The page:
Consumer Prices Increased at the Fastest Annual Pace Since 1990


The price of consumer goods continued to increase in October, reaching a pace not seen in 30 years.

According to data from the Labor Department, the consumer-price index, a measure of the prices consumers pay for goods and services, rose at its faster annual pace since 1990.

In the past 12 months, prices rose 6.2%, and October marked the fifth month in a row that inflation was over 5%.

Without food or energy prices, the consumer-price index rose 4.6%, which was the highest rate since 1991.

CNN reports, “The overall price index rose 0.9% in October alone, adjusted for seasonal swings, significantly more than the 0.6% economists had predicted, and overshadowing the somewhat more tepid 0.4% increase from September.”

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“Excluding food and energy, prices climbed 0.6% last month — more than in September,” it added.

While food prices have seen a 1% increase two months in a row, energy prices rose 4.8% in October and 30% from last year.

The Wall Street Journal notes that consumer spending increased at a 1.6% annual rate in the third quarter, down from 12% in the previous quarter. It attributes the drop to a “scarcity of new cars and other durable goods.”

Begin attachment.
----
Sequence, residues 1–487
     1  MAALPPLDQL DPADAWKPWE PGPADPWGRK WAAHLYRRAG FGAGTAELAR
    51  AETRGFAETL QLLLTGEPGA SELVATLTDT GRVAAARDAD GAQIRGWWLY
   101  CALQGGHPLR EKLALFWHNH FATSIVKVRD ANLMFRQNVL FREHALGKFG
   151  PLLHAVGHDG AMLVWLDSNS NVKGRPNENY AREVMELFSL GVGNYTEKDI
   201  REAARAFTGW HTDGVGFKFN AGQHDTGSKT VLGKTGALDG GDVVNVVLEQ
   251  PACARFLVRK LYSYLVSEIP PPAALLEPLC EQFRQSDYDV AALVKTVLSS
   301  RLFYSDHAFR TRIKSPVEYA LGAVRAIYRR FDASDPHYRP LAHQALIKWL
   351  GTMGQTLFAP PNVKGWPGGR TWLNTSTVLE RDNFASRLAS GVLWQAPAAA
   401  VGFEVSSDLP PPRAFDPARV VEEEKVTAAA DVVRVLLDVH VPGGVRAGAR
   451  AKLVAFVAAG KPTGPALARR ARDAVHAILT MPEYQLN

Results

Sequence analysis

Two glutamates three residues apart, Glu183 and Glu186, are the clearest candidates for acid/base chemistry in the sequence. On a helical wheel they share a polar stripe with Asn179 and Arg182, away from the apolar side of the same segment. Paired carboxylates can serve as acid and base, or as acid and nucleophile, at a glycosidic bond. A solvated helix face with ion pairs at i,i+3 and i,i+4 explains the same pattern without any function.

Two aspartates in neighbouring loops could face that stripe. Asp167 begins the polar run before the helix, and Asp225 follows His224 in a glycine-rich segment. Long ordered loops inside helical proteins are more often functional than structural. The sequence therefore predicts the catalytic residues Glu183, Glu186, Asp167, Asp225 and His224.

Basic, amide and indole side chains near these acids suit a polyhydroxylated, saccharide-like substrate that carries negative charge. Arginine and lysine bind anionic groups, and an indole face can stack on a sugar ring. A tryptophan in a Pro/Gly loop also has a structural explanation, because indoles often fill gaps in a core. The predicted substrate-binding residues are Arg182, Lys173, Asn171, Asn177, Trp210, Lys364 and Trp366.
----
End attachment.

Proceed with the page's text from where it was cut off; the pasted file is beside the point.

The increase in prices comes as companies are seeing increased demand for goods but are facing supply chain bottlenecks and difficulties getting materials.

Kathy Bostjancic, the chief U.S. financial economist at Oxford Economics, told the Journal, “The bigger picture is we’re likely to see inflation climb higher.”

“Things are going to get worse before they get better,” she added.

During a press conference on Nov. 2, President Joe Biden was asked when Americans can expect to see a decrease in prices.

He responded by pointing to a number of factors that have driven prices up, but did not give a prediction of when the pace of inflation will decrease.

Instead, he argued the U.S. is “in a very different circumstance” compared to last year and added, “There’s a lot to look at, but the bottom line is, I [don’t] think that anyone would prefer — as bad as things are in terms of prices hurting families now — [to] trade this Thanksgiving for last Thanksgiving.”

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Meanwhile, Treasury Secretary Janet Yellen told NPR, “I expect that next year, many of the supply bottlenecks that we’re experiencing now in opening up our economy will recede.”

“Sometime during the second half of the year, we’ll see inflation rates moving back toward the 2% that we regard as normal,” she added.

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